New Focus

Here is another review of this great album…

The Rest is Jazz

On Song

There is on Corea Change a glorious double bass run by Andrew Robb intertwined by the machinations of Konrad Wiszniewski’s sax, brought to an abrupt conclusion by Euan Stevenson’s piano, which in fact bookends the number, encapsulating all that is magnificent about this second release from New Focus.

Throughout there is pure jazz, both sax and piano trading blows while knitted by a phenomenally paced bass, with Wiszniewski playing out of his skin. Now listen to the tracks on either side of Corea Change, Ascension and Braeside.

Ascension opens with a funereal violin before it is elevated by The Glasgow String Quartet, a tune that wouldn’t be out of place on an Ealing Studio soundtrack of the 1940’s, plaintively atmospheric and distinct from Corea Change.

Braeside is quintessentially chamber music, not dissimilar in tone or pace to Ascension, but the hallmark of On Song, with 13 original compositions…

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Rune Klakegg & Scheen Jazzorkester – “Fjon”.

On the Beat

Despite what is clearly a long and illustrious career in Norway, I’m not aware of having heard Rune Klakegg before; which is a pity. Fjon, a CD of his compositions (and one cover) recorded by the large ensemble he set up, is full of rewarding large scale arrangements.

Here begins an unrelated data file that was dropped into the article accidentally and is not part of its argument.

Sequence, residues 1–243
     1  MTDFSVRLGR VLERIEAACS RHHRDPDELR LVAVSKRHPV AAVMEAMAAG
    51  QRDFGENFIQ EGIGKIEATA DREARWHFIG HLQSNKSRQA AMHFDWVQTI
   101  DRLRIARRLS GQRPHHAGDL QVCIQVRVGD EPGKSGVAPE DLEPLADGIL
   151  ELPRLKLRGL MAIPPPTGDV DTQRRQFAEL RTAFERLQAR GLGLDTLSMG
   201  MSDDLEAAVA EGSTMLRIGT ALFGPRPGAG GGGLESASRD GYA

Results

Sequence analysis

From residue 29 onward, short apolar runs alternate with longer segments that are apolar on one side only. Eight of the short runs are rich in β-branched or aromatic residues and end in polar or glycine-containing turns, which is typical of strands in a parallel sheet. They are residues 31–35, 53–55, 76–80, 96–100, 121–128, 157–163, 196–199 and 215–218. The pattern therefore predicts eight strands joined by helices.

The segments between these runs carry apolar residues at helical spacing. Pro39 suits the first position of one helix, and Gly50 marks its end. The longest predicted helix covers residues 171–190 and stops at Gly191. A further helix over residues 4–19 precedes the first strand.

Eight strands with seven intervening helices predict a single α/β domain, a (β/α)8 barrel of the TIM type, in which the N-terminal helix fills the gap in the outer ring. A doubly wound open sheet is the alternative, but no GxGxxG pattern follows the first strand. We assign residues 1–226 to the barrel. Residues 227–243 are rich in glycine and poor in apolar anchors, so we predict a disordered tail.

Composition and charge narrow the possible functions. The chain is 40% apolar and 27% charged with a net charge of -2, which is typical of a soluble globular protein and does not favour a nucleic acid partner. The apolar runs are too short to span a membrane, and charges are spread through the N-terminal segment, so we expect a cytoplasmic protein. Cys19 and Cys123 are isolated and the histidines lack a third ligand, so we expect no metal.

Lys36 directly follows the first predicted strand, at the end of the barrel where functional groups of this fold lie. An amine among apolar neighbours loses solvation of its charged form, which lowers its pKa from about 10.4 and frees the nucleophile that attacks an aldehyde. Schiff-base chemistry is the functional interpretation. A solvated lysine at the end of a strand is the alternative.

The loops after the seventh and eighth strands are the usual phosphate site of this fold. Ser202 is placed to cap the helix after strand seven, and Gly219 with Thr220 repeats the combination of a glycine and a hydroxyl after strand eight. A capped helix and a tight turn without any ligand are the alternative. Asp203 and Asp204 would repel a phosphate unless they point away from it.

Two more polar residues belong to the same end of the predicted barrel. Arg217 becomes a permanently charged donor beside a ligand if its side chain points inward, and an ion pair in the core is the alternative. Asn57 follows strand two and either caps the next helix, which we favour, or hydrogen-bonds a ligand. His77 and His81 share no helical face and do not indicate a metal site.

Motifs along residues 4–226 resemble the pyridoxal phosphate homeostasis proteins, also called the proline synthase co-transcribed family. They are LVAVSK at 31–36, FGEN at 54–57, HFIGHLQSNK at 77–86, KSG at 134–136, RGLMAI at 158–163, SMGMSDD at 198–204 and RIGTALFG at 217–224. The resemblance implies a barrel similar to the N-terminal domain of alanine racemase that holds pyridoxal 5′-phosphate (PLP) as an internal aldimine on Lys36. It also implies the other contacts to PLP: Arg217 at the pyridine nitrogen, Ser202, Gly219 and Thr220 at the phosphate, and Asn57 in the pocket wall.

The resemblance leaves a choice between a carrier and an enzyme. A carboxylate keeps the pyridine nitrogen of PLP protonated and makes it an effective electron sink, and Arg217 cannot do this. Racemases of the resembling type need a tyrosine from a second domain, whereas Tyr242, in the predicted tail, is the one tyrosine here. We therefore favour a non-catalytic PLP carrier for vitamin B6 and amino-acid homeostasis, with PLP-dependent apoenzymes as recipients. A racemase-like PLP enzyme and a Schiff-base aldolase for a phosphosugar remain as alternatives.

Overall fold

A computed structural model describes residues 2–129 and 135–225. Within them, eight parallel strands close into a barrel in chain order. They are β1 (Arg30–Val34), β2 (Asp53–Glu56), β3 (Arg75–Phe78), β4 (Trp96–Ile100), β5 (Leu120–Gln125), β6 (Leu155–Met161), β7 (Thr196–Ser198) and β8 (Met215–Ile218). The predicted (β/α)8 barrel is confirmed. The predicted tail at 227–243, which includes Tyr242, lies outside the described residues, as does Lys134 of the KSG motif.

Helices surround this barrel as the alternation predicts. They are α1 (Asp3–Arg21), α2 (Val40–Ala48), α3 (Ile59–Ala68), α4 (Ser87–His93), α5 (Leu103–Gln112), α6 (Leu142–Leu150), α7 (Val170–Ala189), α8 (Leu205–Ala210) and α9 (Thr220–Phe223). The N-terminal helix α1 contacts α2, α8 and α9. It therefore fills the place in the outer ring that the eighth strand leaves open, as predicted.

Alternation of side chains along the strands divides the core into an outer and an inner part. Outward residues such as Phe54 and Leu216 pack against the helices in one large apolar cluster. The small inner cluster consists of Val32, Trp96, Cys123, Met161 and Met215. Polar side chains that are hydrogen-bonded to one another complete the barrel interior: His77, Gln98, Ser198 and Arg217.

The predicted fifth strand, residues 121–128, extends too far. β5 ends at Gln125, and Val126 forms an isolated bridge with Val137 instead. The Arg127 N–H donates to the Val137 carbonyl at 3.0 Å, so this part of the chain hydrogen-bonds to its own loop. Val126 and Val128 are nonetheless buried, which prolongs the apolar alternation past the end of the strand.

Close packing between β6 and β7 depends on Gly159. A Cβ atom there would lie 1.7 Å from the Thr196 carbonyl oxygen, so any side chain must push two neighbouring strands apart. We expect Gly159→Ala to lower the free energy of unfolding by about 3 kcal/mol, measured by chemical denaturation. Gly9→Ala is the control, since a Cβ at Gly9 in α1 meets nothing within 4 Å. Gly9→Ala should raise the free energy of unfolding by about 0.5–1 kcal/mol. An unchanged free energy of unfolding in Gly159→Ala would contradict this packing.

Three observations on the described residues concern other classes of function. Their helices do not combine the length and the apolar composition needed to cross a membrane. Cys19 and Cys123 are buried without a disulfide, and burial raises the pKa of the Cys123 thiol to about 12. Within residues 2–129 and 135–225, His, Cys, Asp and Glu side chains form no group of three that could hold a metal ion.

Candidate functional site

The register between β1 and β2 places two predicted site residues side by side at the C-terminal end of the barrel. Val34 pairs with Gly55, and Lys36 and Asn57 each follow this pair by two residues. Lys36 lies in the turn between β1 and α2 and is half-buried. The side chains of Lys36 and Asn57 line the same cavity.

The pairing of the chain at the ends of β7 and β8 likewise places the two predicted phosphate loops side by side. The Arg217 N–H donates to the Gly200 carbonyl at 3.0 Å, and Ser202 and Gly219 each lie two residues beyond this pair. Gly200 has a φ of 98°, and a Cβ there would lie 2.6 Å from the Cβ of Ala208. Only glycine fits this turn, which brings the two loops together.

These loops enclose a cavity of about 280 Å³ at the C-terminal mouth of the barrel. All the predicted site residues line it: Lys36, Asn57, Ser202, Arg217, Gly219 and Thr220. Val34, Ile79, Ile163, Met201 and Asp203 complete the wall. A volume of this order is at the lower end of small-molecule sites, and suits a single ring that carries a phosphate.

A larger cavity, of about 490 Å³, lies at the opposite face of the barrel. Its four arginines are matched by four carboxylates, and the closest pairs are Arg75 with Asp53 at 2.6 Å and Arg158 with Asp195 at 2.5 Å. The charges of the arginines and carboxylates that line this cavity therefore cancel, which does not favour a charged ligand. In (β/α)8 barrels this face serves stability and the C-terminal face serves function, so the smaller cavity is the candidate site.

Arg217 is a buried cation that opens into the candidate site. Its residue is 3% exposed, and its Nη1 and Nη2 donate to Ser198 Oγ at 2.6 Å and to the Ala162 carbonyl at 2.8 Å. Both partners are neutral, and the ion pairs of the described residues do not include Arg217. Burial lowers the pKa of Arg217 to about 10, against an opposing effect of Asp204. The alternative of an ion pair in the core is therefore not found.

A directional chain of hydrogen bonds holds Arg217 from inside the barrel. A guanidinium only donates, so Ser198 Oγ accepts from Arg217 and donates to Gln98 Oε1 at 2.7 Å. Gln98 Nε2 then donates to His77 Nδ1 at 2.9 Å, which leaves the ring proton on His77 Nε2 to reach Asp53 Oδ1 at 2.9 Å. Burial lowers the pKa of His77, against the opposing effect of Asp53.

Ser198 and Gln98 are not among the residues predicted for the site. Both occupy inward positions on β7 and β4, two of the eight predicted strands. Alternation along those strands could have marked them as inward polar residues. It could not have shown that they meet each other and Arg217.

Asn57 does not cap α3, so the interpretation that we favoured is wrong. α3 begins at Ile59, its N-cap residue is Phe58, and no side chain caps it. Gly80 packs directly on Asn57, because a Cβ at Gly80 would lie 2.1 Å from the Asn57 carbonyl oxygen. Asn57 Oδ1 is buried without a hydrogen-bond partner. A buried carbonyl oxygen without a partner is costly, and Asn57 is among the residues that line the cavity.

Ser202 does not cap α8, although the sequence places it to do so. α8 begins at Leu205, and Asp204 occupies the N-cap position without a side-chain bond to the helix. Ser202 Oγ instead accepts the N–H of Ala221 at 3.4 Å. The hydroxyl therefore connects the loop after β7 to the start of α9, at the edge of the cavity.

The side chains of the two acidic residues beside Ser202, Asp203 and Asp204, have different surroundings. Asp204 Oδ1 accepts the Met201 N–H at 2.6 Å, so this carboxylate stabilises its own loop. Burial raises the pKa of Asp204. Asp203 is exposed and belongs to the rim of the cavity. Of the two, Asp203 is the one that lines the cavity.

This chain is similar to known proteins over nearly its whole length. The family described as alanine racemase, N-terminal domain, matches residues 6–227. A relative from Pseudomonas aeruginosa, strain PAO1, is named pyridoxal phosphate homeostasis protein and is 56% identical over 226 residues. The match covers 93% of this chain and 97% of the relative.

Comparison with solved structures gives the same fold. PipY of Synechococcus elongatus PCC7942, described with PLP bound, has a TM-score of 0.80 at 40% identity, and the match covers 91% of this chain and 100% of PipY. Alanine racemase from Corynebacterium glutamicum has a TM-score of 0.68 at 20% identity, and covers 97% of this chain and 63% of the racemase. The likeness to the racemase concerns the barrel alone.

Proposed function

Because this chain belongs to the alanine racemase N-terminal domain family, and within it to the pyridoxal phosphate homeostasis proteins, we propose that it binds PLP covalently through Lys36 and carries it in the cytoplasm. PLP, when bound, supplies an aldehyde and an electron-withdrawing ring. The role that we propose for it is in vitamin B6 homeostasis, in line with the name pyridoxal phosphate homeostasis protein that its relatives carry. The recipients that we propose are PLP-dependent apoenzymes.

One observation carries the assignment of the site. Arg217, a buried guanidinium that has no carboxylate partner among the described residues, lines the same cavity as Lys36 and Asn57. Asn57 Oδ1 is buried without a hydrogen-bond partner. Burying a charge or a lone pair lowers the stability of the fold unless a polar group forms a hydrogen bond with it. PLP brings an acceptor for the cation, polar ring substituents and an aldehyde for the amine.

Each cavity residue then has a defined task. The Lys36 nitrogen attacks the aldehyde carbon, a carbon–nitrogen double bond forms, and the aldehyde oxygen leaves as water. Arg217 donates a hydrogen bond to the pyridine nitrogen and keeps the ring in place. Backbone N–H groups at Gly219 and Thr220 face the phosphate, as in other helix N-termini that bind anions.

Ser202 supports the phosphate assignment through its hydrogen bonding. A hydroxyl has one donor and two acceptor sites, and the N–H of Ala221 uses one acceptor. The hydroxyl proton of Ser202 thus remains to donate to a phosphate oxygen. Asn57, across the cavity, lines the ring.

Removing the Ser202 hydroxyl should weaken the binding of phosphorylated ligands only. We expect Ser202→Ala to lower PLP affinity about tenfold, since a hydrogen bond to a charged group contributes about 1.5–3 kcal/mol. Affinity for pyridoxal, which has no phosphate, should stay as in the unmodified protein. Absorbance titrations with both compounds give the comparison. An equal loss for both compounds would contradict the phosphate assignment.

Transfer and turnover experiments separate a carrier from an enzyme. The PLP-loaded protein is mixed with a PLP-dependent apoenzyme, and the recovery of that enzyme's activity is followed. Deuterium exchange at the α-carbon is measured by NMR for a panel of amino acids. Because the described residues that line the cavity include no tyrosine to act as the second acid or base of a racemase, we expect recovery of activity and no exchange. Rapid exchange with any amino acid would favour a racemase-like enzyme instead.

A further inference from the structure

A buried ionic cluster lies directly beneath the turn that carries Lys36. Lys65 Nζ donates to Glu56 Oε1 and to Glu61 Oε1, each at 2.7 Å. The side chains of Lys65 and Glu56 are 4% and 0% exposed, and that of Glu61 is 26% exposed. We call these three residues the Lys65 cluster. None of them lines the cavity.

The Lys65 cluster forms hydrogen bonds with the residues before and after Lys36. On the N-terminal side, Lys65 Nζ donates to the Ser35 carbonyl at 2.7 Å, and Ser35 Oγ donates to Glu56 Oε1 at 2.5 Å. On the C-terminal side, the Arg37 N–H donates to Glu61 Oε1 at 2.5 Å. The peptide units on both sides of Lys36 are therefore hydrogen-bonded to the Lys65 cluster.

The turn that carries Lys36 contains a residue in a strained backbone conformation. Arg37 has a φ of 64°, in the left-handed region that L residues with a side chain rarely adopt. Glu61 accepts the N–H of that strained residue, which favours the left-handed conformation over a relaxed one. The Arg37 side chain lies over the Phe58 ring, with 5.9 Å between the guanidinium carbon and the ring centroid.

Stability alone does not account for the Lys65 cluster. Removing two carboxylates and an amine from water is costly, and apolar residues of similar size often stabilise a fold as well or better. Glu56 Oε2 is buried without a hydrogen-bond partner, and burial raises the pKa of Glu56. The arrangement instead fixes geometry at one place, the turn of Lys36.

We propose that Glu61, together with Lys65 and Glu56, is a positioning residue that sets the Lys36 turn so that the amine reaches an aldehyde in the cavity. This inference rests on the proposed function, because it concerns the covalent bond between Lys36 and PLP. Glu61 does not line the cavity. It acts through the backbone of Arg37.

The obvious comparisons are to both Gil Evans and Maria Schneider: the instrumentation and orchestration allow similarly rich, evocative arrangements. Indeed, it was reading of the similarities to Evans and Schneider that first drew my attention to this record. And if you’re going to be influenced, they’re very good influences to have! There’re are also sections which brought to mind some of the work Colin Towns has done with both the HR and NDR big bands.

The brass sounds deep and rich; the saxes crying and plaintive. Rob Waring guests on vibraphone, a voice often lacking from a big band setting…

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Bobby Wellins Obituary

Alison Kerr's Jazz Blog

Bobby_Wellins 2 Bobby Wellins (c) Trio Records

Bobby Wellins, who has died at the age of 80, was not only Scotland’s first great jazz tenor saxophonist but also an icon of British jazz whose influence would have lived on even if he had never played again after 1965, when he featured on the iconic album of Stan Tracey’s Under Milk Wood suite. 

 
His gorgeous and evocative solo on the track Starless and Bible Black has regularly been named as the single most memorable British jazz solo ever recorded – and his haunting, Celtic-tinged sound was undoubtedly a huge inspiration on generations of young musicians, among them fellow tenor saxophonist, composer and educator Tommy Smith who was responsible for bringing Wellins’s own Culloden Moor Suite, to life five years ago when the Scottish National Jazz Orchestra and Wellins recorded it and performed it to considerable acclaim. Its concert performance at the Royal…

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